Halloween – that time of the year when we expect a scare or two. But as a luxury travel brand or a marketer targeting high-end travelers, you might feel affrighted year round. Indeed, in this day and age, constant changes in technology and people’s preferences are causing shifts in how and why wealthy travelers are vacationing. Most brands are not so quick to react to the changes, OTA’s are stepping up their game and travellers are choosing to book direct less frequently. High-end travel brands often miss out on a significant portion of potential bookings and revenue due to the utilization of outdated targeting and content strategies. But fear not! Skift Research has recently published a report on the affluent traveler behavior trends, and this data might be exactly what your marketing strategy is missing. Taking advantage of our expertise in digital marketing for luxury travel brands, we put together a roundup of some frighteningly simple things luxury travel brands can do to appeal to affluent travelers.
First things first, when we talk about affluent travelers, we’re referring to those with a household income of at least $100,000 USD who have taken at least one leisure trip in the past 12 months. Keep in mind, only 40% of affluent travelers consider themselves to be luxury travelers (according to the Skift annual survey from 2019).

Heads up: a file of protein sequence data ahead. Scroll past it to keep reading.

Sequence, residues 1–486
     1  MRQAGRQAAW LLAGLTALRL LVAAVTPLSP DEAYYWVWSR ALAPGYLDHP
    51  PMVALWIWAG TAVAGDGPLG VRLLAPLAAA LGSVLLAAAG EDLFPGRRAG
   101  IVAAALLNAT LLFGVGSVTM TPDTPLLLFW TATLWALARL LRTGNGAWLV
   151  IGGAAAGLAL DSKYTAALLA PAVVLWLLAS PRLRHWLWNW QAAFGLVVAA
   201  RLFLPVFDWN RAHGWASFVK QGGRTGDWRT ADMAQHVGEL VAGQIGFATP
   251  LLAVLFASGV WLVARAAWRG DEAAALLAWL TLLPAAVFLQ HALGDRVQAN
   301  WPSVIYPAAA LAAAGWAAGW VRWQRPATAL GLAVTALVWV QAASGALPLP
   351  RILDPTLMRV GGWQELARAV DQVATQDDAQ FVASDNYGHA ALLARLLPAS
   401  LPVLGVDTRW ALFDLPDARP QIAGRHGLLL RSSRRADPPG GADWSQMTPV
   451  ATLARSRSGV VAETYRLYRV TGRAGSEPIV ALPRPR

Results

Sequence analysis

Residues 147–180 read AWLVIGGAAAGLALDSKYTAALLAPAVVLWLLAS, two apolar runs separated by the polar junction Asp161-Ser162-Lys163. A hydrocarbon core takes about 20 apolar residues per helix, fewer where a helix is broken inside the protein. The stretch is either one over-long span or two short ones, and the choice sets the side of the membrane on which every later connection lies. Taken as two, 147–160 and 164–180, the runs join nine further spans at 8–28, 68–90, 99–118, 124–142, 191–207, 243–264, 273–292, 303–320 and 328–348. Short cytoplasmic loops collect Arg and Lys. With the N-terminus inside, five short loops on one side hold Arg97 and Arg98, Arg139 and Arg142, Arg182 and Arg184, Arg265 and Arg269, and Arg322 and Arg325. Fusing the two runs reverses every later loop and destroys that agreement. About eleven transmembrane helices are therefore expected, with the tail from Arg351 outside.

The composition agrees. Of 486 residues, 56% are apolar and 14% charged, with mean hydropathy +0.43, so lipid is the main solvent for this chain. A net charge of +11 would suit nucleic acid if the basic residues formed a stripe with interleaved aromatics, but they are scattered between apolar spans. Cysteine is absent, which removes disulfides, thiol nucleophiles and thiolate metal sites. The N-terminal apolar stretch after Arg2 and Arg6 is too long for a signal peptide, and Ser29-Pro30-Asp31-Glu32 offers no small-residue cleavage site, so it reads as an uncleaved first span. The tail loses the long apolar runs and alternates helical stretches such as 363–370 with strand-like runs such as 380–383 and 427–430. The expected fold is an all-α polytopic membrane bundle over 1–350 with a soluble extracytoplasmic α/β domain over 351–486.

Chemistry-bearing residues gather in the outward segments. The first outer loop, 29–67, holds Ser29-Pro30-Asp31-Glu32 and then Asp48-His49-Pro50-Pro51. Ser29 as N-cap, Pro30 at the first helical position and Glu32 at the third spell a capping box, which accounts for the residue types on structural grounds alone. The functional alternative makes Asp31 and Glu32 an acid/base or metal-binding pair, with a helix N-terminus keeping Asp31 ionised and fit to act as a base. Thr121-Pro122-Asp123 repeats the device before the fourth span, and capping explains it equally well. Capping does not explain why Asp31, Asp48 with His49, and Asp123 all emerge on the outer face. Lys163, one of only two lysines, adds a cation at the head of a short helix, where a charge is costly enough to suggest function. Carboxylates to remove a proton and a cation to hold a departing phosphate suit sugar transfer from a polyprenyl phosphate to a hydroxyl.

68% of affluent travelers would rather have new experiences when traveling than just “relax”
Just under 1 of 3 affluent travelers always or often stay in luxury 5 star hotels, according to Skift’s research. While affluent travelers are wealthy and can afford luxury accommodation and transportation during their vacations, many don’t consider themselves to be luxury travelers. Instead, they see more value in experiences and activities and prioritize new destinations when making travel arrangements. As a luxury brand, you might think this holds up for the younger generation only, and might not concern you as much; however, according to Skift Research, “affluent travelers over the age of 55 would rather spend more money on better activities than a nicer hotel room”. So while it might feel only natural to want to entice users with things like luxurious room bedding and spacious room size, it can be more impactful to showcase the experiences and activities guests can enjoy on property or further afield.
76% of affluent travelers enjoy the trip planning process
Skift’s findings also showed that while this demographic can afford a travel agent, most prefer to book their trip themselves. Some might enjoy the process of researching and planning their getaways, others do so for the sake of time-efficiency and convenience. In fact, 2 in 3 affluent travelers have not used a travel agent to book in the last year. Despite these seemingly obvious facts, many brands choose dated strategies and focus their lead generation efforts on building relationships with travel agents. While this strategy might continue to work for some businesses, there is a significant opportunity in generating leads when working directly with potential guests.
61% of affluent travelers use social media for trip inspiration